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The roots of the Moto Guzzi factory can be traced back to 1918, when the Italian Air Force pilots Giovanni Ravelli and Giorgio Parodi, together with their mechanic Carlo Guzzi used to spend their off-duty time talking motorcycle technology and finally decided to start their own factory.
Unfortunately, Ravelli died in a plane crash shortly after the armistice in 1918, so he never saw the first machine based on Carlo Guzzi's plans that was built in 1919.
To commemorate Ravelli, it was decided to use the eagle of Ravelli's flying unit as the logo of the new factory.
Officially, the Moto Guzzi factory was started in 1921.
The first model of the factory was the 500 cc single-cylinder Tipo Normale.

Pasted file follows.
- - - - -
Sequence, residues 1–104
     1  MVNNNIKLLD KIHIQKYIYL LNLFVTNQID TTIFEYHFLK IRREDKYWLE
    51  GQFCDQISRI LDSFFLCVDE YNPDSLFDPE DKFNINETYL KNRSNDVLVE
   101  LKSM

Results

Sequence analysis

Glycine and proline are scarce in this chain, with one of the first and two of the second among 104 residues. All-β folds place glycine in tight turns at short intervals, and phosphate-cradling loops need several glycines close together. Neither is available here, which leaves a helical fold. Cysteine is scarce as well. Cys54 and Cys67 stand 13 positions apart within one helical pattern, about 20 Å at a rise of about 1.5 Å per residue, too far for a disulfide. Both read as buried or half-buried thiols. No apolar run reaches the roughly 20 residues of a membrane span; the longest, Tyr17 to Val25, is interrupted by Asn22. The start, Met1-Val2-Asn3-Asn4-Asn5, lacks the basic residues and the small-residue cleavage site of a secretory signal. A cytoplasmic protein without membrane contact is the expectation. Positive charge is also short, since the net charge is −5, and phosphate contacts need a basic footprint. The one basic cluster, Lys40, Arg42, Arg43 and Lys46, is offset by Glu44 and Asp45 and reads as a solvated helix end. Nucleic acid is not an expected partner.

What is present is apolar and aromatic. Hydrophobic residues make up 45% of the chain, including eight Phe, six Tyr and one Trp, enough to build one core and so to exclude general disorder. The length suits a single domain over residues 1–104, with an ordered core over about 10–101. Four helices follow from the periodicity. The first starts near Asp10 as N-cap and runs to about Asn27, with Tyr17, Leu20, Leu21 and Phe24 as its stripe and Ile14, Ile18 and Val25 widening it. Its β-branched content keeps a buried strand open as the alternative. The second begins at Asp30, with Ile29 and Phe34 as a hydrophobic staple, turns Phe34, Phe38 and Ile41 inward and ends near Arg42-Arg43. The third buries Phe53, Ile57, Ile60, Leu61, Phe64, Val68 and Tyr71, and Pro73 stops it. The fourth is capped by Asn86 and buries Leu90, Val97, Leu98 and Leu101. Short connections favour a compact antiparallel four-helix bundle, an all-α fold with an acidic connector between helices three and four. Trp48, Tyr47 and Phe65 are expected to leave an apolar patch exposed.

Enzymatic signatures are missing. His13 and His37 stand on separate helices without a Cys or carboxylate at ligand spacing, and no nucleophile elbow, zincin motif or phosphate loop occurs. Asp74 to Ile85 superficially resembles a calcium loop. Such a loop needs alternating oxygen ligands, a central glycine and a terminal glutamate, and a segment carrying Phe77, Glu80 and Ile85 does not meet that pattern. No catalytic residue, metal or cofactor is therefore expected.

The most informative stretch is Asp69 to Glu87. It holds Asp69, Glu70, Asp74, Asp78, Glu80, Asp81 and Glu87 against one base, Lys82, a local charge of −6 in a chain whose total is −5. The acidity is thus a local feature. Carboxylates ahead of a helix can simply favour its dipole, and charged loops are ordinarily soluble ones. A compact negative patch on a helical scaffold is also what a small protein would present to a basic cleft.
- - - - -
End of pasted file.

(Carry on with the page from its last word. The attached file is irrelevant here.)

The main features of this engine - horizontal cylinder, magneto located on top of the engine and an external flywheel - could still be seen in the last single-cylinder Guzzis, the Nuovo Falcones of 1976.
Up to the early thirties the factory concentrated on the 500 cc class.
But to reach more customers it was important to diversify and this was done by bringing out machines in the 250 cc and 175 cc classes.
The first 175 cc was the P 175 that was brought out in 1932.
The model pioneered several new features that would eventually find their way in the 500 cc production models, in particular the overhead valve configuration.
The cylinder head design was advanced, the two 32 mm valves having a narrow 62-degree included angle.
The model was designed to fit into the economical taxation class for lightweight motorcycles, the "motoleggere" and it stayed in production till 1937.
The 59 x 63.7 engine delivers 7 hp @ 5,000 rpm with a compression ratio of 6:1.
The machine weighs a mere 115 kg and the top speed is 90 km/h.
This excellently restored machine is fitted with Miller dynamo and Bosch claxon.